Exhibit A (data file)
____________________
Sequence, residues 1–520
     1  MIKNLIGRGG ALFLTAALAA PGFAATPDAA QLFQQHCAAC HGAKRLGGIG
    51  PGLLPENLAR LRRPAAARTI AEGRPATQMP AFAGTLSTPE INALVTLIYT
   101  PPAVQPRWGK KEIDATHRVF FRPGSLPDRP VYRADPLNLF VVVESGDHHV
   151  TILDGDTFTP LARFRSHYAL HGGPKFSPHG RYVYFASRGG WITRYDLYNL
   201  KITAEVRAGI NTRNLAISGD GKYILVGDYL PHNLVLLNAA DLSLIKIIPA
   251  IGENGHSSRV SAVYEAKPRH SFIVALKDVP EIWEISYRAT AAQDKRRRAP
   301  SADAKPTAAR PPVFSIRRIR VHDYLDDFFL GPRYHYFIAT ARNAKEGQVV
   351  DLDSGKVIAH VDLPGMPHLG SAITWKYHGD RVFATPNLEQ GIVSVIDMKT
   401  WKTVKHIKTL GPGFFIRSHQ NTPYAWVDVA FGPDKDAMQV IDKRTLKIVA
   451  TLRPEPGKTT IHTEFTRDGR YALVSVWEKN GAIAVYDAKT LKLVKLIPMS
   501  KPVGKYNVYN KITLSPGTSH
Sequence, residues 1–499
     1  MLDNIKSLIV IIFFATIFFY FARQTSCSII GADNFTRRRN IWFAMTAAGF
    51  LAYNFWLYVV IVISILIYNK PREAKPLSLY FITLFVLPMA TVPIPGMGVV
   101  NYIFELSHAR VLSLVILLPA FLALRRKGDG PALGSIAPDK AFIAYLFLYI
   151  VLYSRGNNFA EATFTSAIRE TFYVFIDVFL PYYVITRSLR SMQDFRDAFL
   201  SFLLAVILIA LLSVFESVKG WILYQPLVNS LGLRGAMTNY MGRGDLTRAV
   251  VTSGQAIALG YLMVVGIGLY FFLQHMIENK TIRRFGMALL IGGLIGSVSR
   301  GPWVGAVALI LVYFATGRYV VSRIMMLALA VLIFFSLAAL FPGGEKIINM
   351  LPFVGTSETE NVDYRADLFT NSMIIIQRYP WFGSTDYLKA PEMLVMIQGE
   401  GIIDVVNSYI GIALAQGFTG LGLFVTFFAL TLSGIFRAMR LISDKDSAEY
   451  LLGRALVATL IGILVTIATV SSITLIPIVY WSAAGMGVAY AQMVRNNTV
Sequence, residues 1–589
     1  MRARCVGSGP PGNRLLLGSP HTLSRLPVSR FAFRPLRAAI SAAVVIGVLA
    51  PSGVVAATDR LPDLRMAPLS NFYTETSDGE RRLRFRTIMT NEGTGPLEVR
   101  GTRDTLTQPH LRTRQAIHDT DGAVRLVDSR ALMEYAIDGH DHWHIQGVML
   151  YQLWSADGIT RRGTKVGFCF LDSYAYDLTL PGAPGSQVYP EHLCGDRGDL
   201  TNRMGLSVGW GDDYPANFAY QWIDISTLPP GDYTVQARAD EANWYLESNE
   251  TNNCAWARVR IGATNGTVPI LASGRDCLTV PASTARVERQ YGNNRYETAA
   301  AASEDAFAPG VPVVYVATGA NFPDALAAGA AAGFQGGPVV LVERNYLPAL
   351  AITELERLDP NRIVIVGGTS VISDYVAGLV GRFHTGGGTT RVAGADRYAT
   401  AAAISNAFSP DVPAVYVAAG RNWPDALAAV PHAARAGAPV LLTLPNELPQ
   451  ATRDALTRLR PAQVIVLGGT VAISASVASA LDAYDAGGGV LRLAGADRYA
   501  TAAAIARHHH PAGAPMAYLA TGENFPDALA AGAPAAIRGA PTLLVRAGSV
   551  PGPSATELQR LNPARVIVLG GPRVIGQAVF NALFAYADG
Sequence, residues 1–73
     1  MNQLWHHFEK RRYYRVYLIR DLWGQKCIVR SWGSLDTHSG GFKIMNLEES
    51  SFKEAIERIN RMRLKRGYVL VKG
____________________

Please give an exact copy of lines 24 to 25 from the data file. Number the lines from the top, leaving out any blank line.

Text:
Sequence, residues 1–589
     1  MRARCVGSGP PGNRLLLGSP HTLSRLPVSR FAFRPLRAAI SAAVVIGVLA